About Alan J. Hesse:
Based in biodiversity-rich Ecuador, Alan wears several hats: he is an author-illustrator, an educator and a conservation biologist. Alan’s work is inspired by the majesty and fragility of nature and the need to do everything we can to protect it.
Alan combines his artistic creativity with his technical experience and knowledge to create scientifically accurate, educational children’s books full of quirky, comic humour and fun action, and usually bearing a message about how everyone can help preserve Nature.
Alan draws the artwork in his comic or picture books by hand and then edits it all digitally.
He is the author of five educational comic books for middle grade children, among which his main ongoing focus is the Captain Polo series about climate change featuring a globe-trotting, anthropomorphic polar bear who is a gifted sailor and communicator.
Alan is also the author of 3 climate change-themed picture books for children within the 6-8 age range.
What inspires you to write?
My work is inspired by the majesty and fragility of Nature and the need to do everything we can to protect it. As a scientist, I find that technical information about Nature is not very useful to get more people to care. I achieve greater impact through my educational comic books, because these are visually entertaining and they tell a story.
What authors do you read when you aren’t writing?
In my genre they are Goscinny and Uderzo, authors of the European comic books Asterix, and Hergé, author of Tintin. Outside my genre, George McDonald Fraser, Bill Bryson, Noah Gordon, Frank Herbert.
Tell us about your writing process.
I am definitely an outliner, and this is by necessity. Because my content is factual, I need to research it thoroughly. This often includes consulting subject matter experts, some of who I persuade to write an editorial review. To outline I write down the results of my research in MS Word. I then think up a fictional story around those facts, making sure to include a lot of purely fictional adventure, action and humour. This leads to my inventing characters and dialogues. I then write out how all of this will pan out in comic book format, pairing each scene to it's corresponding panel of artwork. After this I sketch out a story board for the whole book, before starting on the actual book, frame by frame. Because I do it all, it's an extremely labour intensive process! Lately however, to optimise efficiency, I have started drawing my artwork directly in Photoshop, using a digital tablet. Photoshop is where all my artwork ends up, and where it gets edited and coloured. I then switch to Indesign to lay out the book, all the artwork plus speech bubbles and texts.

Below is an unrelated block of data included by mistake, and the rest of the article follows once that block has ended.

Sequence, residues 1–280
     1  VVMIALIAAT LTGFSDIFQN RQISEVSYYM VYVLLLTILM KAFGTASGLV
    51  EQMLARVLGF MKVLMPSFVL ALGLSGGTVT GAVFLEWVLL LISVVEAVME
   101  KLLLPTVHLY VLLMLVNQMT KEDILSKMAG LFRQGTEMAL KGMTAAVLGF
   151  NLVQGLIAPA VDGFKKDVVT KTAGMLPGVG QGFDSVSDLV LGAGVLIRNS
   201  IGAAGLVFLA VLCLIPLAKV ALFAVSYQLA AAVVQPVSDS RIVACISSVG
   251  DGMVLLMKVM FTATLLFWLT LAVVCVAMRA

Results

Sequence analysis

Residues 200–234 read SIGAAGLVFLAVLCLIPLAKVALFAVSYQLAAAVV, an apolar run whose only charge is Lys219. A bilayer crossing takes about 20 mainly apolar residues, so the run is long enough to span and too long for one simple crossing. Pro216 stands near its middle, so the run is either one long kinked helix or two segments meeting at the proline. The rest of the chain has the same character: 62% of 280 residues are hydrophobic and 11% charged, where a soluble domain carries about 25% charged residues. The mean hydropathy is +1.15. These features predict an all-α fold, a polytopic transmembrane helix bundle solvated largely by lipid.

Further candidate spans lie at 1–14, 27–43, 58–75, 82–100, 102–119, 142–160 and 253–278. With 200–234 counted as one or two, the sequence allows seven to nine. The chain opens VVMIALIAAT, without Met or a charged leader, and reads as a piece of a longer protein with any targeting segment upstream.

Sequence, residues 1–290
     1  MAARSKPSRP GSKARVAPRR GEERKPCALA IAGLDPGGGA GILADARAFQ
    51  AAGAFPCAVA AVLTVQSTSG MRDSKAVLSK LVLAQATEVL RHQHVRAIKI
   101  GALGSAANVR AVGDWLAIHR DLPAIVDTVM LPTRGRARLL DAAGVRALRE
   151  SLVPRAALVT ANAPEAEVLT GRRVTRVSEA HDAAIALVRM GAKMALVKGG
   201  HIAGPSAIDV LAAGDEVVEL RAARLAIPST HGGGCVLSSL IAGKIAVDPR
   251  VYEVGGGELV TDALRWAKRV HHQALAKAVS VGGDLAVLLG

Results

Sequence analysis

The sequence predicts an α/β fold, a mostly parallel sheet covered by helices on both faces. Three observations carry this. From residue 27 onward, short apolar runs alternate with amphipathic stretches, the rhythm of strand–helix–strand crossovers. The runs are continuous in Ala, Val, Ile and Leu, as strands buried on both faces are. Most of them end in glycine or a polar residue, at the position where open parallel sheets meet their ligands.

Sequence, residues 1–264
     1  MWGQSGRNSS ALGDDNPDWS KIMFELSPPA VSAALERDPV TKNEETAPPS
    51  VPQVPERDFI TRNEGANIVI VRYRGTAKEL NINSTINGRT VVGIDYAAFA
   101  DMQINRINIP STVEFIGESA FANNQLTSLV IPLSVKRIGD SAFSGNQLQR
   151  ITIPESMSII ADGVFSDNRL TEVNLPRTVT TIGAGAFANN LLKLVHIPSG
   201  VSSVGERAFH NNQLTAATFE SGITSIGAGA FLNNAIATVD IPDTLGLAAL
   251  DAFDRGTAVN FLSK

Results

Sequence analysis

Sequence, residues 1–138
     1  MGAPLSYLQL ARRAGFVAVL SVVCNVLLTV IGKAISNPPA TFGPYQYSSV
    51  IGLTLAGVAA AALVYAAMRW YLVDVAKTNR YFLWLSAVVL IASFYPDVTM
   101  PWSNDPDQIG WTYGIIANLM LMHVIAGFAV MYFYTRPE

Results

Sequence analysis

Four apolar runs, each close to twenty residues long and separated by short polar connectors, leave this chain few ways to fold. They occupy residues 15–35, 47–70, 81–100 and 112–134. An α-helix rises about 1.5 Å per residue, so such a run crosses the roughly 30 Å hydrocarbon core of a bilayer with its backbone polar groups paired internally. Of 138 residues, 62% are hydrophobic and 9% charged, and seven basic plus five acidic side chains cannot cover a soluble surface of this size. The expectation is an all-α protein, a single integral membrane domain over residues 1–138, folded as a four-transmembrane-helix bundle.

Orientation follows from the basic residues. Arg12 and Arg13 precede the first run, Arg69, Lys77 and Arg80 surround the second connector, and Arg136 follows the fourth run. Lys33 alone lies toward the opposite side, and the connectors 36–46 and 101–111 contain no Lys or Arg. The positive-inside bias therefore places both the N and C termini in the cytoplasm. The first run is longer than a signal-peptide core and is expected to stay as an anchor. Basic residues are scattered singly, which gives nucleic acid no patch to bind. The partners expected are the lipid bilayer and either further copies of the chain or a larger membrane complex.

My next comic book is to be an experiment: I figured out that for the same amount of effort, just by reversing certain processes, I can end up with two books: one in full colour and the same in black and white. My idea is to use the latter as a colouring book. Two products for the price of one!
For Fiction Writers: Do you listen (or talk to) to your characters?